When the Myanmar military started killing peaceful protesters in remote Chin State in the wake of the 1 February coup, local youths armed themselves with handmade rifles and started shooting back. They say they have killed at least 165 soldiers.
Military violence is taking a psychological toll on Myanmar’s anti-coup resistance. New spaces, like a pop-up art therapy centre, are creating opportunities for activists and journalists to discuss their mental health and stay primed for the revolution.
A year after Wanchalearm Satsaksit vanished, authorities say there is no proof he was abducted in Phnom Penh. A joint investigation reveals details of the Thai dissident’s escape from Thailand, life in exile in Cambodia and the last days before he disappeared.
Small-scale pork farmers bear the brunt of the Duterte administration’s neoliberal response to African swine fever, which promotes importing foreign pork rather than protecting local industries and preserving the Philippines’ food self-sufficiency.
Vietnamese dissidents and citizen journalists are turning to social media to broadcast criticisms of the state. In response, the Communist Party is deploying new laws and loyalist hackers to police the ways people can use platforms like Facebook.
Opposition to the Myanmar junta has forged connections and solidarity as Myanmar diaspora communities in Malaysia, Thailand and Singapore, as well as local activists in Indonesia, brave personal risks to speak out against the coup.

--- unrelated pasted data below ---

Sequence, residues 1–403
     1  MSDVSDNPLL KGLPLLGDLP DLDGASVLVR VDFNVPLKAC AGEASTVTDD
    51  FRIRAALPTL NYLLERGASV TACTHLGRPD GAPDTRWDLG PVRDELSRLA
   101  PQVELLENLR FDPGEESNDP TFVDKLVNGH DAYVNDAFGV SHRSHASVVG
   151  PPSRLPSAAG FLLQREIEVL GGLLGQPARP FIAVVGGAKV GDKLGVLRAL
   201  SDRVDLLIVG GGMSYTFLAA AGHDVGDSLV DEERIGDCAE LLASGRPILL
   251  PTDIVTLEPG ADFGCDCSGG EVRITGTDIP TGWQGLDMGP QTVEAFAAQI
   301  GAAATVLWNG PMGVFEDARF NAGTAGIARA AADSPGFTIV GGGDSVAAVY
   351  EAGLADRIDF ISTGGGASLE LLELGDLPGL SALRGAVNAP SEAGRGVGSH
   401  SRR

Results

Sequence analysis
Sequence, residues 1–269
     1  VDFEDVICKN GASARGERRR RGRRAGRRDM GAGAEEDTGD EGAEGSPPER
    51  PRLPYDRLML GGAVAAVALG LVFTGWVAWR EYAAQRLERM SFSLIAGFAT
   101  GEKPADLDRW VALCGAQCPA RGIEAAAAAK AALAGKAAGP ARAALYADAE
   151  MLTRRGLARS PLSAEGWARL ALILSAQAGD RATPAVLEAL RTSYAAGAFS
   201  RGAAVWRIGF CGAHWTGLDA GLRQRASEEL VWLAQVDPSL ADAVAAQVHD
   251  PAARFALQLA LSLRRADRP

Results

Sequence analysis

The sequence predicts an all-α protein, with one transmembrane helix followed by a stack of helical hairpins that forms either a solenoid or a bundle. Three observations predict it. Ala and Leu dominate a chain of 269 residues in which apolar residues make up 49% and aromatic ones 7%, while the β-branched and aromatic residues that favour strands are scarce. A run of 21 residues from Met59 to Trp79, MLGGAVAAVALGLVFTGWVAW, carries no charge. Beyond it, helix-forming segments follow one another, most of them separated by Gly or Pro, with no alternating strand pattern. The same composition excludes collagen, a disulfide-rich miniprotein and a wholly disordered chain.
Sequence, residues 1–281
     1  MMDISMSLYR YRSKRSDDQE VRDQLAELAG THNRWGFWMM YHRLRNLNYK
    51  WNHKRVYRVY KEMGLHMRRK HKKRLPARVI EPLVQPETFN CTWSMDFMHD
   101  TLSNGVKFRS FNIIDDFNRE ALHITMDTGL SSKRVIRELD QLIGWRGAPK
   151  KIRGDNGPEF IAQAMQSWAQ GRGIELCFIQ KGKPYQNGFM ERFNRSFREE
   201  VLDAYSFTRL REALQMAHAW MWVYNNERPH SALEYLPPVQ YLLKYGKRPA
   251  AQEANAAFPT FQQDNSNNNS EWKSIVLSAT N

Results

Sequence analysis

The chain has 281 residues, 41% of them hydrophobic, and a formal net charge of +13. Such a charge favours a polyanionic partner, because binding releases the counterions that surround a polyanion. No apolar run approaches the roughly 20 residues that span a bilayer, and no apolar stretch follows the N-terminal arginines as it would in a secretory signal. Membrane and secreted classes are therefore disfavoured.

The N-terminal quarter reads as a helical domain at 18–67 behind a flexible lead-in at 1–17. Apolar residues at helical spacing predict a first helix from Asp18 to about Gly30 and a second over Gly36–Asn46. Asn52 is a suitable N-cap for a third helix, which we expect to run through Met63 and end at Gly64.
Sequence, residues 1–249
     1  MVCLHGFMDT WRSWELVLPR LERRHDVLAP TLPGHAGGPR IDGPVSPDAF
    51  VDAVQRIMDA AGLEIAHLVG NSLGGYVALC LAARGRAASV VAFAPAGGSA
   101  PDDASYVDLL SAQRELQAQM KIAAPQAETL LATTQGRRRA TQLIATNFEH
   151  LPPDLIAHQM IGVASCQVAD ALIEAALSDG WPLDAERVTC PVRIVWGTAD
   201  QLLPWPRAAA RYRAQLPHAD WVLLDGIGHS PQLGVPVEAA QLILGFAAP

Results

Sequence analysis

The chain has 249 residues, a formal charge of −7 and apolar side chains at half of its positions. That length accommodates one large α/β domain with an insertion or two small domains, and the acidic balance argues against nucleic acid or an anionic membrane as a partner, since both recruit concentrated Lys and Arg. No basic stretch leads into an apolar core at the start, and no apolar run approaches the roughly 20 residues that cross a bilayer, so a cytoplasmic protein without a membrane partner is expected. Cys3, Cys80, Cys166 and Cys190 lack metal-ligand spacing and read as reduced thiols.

His father was Malaysian; his mother’s nationality is unknown. Xenophobia and a decade-long legal and bureaucratic battle stand between Wong Kueng Hui and citizenship in the country of his birth. He’s one of hundreds of thousands of stateless people in Sabah.
Without gender-affirming surgery, Lò Kim Thủy cannot change her legal gender in Vietnam. Without changing her gender, she cannot get a stable job or attend university. Without a job or an education, she may never be able to afford gender-affirming surgery.
Offshore gas workers in Myanmar say they want to join the anti-coup Civil Disobedience Movement and cut off one of the military’s main sources of revenue. But they fear going on strike will draw reprisals from management, or even the military.
CNN reporter Clarissa Ward’s shallow coverage of the Myanmar coup, her endangerment of her sources and her embarrassing rationalisations erode journalistic ethics and perpetuate the notion that brown people need a white saviour, writes Aye Min Thant.